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CHAPTER SUMMARY

“Vanishing white matter” (VWM) is an autosomal recessively inherited disorder in which the basic defect resides in eukaryotic initiation factor 2B (eIF2B). The clinical onset and severity of VWM vary greatly. The classical form has an early-childhood onset, but onset can vary from antenatal and early-infantile onset at one end of the spectrum to late-adult onset at the other end. Age of onset is predictive of disease severity. The clinical and histopathologic manifestations of VWM are dominated by degeneration of the white matter of the central nervous system. Organs other than the brain are rarely affected, with the exception of the ovaries. In addition to a chronic progressive encephalopathy, there are typically episodes of rapid and major deterioration, provoked by stresses like febrile infections of minor head trauma. VWM is caused by mutations in any of the five genes EIF2B1-5, encoding the α-ϵ subunits of eIF2B. The reason for the selective vulnerability of the white matter of the central nervous system and, less consistently, the ovaries is poorly understood. Multiple hypotheses have been put forward, including the effects of inappropriate activation of the unfolded protein response in oligodendrocytes and astrocytes, differing cellular levels of eIF2B or eIF2/eIF2B ratios and aberrant control of translation of specific mRNAs.

  • “Vanishing white matter” (VWM) is an autosomal recessively inherited disorder in which the basic defect resides in eukaryotic initiation factor 2B (eIF2B). Another frequently used name for the disease is “childhood ataxia with central nervous system hypomyelination”(CACH). “Myelinopathia centralis diffusa” and “eIF2B-related disorder” are used less commonly. The clinical and histopathologic manifestations of VWM are dominated by degeneration of the white matter of the central nervous system. Peripheral nerves and organs other than the brain are rarely affected, with the exception of the ovaries.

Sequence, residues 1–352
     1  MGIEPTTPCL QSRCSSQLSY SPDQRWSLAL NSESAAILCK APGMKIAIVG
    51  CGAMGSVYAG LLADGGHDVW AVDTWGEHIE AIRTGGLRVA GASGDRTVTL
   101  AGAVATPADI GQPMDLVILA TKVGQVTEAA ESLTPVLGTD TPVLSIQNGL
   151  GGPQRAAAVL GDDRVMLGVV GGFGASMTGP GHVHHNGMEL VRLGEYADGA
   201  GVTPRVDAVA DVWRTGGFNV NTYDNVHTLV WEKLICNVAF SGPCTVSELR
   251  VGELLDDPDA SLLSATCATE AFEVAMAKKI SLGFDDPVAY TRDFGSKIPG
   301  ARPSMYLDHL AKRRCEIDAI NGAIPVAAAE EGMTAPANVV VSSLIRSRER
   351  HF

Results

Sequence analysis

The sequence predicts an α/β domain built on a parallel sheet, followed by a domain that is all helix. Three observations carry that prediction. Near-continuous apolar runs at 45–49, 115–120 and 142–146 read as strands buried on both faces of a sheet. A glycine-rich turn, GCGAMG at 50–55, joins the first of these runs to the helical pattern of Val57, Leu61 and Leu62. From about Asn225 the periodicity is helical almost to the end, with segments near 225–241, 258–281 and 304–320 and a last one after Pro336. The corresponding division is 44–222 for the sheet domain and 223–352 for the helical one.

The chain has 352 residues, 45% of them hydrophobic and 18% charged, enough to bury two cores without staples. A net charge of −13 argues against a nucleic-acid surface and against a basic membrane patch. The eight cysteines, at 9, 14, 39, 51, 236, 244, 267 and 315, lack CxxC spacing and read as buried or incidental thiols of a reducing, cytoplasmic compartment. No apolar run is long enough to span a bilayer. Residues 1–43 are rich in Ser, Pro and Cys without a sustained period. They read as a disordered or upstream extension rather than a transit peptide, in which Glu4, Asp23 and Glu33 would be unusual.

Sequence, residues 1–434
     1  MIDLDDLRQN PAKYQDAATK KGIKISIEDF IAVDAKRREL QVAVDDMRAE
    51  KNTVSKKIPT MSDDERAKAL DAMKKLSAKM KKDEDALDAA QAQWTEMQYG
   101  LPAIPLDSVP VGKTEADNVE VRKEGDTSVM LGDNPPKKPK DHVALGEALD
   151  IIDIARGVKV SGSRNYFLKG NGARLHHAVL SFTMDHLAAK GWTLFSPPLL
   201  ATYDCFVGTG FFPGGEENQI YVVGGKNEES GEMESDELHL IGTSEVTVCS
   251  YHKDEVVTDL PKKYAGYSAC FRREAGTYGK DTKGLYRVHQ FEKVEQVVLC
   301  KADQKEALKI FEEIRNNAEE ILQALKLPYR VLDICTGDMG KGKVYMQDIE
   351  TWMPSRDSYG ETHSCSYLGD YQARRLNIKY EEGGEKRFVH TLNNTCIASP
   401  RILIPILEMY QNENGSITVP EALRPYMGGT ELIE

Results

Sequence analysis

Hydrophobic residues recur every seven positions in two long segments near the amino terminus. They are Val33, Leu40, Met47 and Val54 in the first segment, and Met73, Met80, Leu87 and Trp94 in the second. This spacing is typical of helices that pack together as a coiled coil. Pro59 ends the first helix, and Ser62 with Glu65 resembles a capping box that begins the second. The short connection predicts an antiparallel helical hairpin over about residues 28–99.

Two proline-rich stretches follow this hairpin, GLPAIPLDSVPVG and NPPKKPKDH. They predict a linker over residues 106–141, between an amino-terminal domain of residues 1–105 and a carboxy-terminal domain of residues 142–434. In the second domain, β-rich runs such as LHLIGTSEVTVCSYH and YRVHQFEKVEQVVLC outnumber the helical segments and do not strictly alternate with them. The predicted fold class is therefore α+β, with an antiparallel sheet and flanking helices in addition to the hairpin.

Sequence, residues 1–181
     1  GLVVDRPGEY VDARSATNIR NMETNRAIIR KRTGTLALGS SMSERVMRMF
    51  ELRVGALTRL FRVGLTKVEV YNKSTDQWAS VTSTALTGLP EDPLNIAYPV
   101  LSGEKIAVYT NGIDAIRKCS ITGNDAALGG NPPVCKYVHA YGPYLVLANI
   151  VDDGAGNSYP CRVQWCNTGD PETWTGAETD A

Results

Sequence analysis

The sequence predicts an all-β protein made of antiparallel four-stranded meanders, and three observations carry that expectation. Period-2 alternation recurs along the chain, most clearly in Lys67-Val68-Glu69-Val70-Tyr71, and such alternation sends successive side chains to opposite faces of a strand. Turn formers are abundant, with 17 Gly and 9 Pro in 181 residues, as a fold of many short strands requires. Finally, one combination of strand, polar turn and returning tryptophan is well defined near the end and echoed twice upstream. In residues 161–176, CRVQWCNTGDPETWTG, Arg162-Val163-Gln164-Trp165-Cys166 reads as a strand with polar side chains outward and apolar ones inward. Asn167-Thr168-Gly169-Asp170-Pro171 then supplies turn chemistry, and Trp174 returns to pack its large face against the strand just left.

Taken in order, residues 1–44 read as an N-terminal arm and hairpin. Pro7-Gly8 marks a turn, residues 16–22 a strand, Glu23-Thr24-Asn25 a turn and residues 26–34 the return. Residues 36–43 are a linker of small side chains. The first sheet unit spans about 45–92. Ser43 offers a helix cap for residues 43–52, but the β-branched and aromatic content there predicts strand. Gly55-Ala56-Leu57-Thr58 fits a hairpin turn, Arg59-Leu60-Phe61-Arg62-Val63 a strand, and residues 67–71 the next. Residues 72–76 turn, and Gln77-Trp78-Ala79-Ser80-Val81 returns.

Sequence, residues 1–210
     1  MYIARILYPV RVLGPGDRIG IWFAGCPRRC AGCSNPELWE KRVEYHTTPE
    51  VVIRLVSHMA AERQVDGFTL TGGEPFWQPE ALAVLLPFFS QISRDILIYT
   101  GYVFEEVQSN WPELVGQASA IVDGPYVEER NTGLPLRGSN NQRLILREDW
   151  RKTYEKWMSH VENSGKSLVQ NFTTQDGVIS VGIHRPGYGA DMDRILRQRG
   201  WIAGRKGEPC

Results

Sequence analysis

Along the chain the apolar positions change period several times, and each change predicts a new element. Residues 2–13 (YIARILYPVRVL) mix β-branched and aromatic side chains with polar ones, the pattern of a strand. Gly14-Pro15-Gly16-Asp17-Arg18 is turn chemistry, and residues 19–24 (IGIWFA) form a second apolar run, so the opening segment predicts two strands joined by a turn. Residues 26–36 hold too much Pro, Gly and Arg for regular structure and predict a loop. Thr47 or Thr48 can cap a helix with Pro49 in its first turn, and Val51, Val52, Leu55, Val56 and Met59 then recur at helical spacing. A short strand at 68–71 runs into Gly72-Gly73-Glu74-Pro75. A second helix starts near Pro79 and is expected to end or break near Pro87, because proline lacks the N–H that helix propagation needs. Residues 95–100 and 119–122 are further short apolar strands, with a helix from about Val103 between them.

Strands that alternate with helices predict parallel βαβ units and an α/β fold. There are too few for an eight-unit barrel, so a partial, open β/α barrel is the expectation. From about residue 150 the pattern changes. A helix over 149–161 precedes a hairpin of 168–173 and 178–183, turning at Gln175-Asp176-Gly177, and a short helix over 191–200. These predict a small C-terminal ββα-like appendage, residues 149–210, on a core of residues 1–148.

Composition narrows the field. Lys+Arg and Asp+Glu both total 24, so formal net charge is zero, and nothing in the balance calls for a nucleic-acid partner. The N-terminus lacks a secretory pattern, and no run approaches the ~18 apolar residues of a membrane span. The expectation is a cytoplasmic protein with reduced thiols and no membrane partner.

• The clinical onset and severity of VWM show great variation. The classical form of the disease has its onset between 2 and 6 years of life. Most patients die within a few years. More severe variants include those with antenatal and early-infantile onset. Patients with antenatal onset die within a few months after birth. Early infantile onset is generally associated with demise before age 2. Late childhood, adolescent and adult onset can allow survival for decades, although some patients do die unexpectedly within a few months or years.

  • In all variants a progressive encephalopathy dominates the clinical picture. In the classical form slow motor regression occurs, mainly due to cerebellar ataxia and to a lesser degree spasticity. Mental regression is less obvious. Typically, there are additional episodes of rapid deterioration, provoked by minor head trauma, febrile infections and acute fright. These episodes are characterized by rapid loss of motor skills, hypotonia, irritability, seizures, vomiting and somnolence. They may end in coma. Death or partial recovery follows. In the most severe variants, other organs than the brain may also be affected, with cataract, hepatosplenomegaly, kidney hypoplasia and pancreas abnormalities. In the later onset variants, the clinical presentation is ...

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